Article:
With a class size of no more than 20, staff can understand how to get the best out of learners, with tailored teaching to match individual needs. It’s not just about academia though, our main focus is on developing well-rounded young people who believe in themselves and their abilities.  

Not only do our learners now feel safe, but they also feel listened to and supported, and frequently express their appreciation for the support they receive. We are here to give them the fresh start they not only need, but deserve.  

We are always delighted to hear that they find their time at the 14+ Academies more enjoyable and rewarding than their previous school experience – and, vitally, now care about their futures. 

Many of the students that we enrol have been out of school for some time and therefore home-schooled as an interim option. Since the pandemic, applications to our provision have skyrocketed, and we are doing all we can to try and meet those needs.  

We have 240 spaces in total for those who need an alternative learning environment to school. This means every year we are able to take 120 new learners in year 10. This year, we had over 400 year 10 applications for the 2023-24 academic year. Although we would like to offer more spaces, we simply do not have the funding to do so. 

This is a stark reminder of the countless young people out there who are still struggling, who are not getting the support they desperately need. Our anniversary is a reminder of our responsibility to advocate for change, because this simply isn’t good enough. 

We will continue to campaign on this issue so we can transform the lives of many more teenagers, because we believe each and every one of them deserves a second chance. 

Ann Marie Spry

Making the sums add up on the nation’s numeracy challenge

Maths is high on the current political agenda, with a focus on the young. But a lack of basic numeracy is blighting the lives of millions of adults, writes Ann Marie Spry, Vice Principal of Adults at Luminate Education Group.

Numeracy, the ability to understand how maths works in the real world, influences most aspects of our lives – from budgeting for shopping to mortgage choices.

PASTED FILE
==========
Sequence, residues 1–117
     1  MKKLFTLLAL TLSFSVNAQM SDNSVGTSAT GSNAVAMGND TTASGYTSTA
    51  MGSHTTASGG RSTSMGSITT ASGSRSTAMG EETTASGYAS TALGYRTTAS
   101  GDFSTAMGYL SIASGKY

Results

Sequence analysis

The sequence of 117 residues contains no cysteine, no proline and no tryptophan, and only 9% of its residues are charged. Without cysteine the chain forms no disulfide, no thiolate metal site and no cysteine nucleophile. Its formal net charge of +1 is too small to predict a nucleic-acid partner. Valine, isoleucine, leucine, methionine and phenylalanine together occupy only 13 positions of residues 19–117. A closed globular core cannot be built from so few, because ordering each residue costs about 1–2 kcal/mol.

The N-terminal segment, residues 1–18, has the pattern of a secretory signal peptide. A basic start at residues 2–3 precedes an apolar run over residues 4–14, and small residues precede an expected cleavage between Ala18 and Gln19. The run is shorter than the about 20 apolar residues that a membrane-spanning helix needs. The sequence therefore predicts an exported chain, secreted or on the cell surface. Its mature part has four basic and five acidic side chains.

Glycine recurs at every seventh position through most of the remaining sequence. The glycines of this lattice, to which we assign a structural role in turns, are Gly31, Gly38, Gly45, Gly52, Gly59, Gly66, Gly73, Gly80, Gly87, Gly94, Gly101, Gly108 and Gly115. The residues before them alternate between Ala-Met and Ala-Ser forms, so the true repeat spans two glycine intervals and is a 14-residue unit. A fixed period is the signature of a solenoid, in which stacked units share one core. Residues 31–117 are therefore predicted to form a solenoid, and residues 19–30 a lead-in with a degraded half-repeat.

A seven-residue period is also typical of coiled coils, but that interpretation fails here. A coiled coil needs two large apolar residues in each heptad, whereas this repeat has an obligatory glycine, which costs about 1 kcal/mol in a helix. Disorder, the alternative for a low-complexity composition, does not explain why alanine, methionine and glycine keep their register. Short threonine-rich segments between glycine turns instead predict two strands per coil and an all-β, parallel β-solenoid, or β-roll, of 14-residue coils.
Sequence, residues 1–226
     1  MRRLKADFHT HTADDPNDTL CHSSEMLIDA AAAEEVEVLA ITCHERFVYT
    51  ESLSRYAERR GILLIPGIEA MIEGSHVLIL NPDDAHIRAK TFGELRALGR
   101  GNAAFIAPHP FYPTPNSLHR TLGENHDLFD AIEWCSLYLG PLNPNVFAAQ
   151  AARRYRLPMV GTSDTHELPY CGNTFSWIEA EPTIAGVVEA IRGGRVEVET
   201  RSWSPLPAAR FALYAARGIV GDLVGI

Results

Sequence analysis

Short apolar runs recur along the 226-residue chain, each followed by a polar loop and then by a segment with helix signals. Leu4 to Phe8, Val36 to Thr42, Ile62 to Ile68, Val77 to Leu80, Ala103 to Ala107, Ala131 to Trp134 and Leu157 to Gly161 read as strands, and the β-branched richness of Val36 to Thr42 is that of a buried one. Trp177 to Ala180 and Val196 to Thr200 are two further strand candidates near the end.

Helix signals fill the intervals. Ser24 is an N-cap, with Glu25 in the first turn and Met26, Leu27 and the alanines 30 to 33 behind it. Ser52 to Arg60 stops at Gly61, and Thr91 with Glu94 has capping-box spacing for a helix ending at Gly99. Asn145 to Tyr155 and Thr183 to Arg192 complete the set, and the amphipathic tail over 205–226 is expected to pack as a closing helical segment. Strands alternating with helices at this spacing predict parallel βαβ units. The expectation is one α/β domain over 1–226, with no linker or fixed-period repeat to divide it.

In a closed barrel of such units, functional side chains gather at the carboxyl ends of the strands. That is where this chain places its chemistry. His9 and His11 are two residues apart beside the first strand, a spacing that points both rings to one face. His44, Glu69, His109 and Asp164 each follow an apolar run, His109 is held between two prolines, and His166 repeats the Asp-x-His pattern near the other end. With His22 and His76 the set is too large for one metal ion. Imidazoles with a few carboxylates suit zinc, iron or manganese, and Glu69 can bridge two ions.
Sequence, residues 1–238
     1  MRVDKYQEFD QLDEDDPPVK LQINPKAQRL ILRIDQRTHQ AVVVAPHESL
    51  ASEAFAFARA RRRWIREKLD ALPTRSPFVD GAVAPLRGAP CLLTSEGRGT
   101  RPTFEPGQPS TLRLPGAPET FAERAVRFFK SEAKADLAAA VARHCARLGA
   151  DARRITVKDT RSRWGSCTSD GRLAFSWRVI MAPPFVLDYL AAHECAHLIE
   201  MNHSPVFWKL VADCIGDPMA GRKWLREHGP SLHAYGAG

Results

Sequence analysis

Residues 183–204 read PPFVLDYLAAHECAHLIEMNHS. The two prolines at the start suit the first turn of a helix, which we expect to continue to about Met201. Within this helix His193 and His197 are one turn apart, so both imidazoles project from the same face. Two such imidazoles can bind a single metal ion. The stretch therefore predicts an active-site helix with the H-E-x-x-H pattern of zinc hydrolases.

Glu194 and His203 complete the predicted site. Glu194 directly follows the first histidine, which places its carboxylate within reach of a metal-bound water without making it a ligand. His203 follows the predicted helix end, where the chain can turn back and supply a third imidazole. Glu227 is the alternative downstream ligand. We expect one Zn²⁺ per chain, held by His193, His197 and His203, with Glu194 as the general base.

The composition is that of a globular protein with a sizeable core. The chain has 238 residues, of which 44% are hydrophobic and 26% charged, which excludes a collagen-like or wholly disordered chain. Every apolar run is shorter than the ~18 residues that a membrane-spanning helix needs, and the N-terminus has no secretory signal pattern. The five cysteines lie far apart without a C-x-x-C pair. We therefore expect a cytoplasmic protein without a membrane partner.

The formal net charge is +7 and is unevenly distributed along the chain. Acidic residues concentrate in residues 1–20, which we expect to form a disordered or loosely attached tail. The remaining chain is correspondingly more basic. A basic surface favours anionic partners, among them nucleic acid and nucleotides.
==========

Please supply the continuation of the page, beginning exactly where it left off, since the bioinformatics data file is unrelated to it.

Yet a shockingly high proportion of adults in the UK really struggle to deal with numbers – with a 2022 report finding that, in West Yorkshire, more than half – 52% – had numeracy skills at ‘entry level and below’.

This problem is limiting countless people’s lives, not least by closing off work opportunities across all kinds of sectors. Because a grasp of basic maths, as part of the STEM (science, technology, engineering and maths) skill set, is vital to so many jobs – and not just the ‘usual suspects’ like finance, accountancy or computing.

Our numeracy woes are also causing real economic damage which, according to research by National Numeracy, could be costing the UK up to £25 billion a year. A new YouGov survey commissioned by the same charity found that there are currently 15 million people in the UK with ‘low skills or confidence’ in maths – with lower paid workers, the unemployed and part-time workers worst affected.

So how do we go about reaching, and helping, those who need it?

The benefits of a functional approach

That is a question that the government’s Multiply programme, which invests in courses for adults that focus on functional, rather than theoretical, maths was set up to help answer. The scheme involves working with educational and skills organisations, like ours, to boost people’s confidence with numbers and gain qualifications.

We were delighted earlier this year to be awarded nearly £480,000 for two of our group’s members, Leeds City College (which was awarded £434,000) and Keighley College (£45,500), to deliver Multiply training in West Yorkshire.

This funding is enabling us to put on new courses for adults that are tailored to fit around their busy lives, while training more staff to teach numeracy.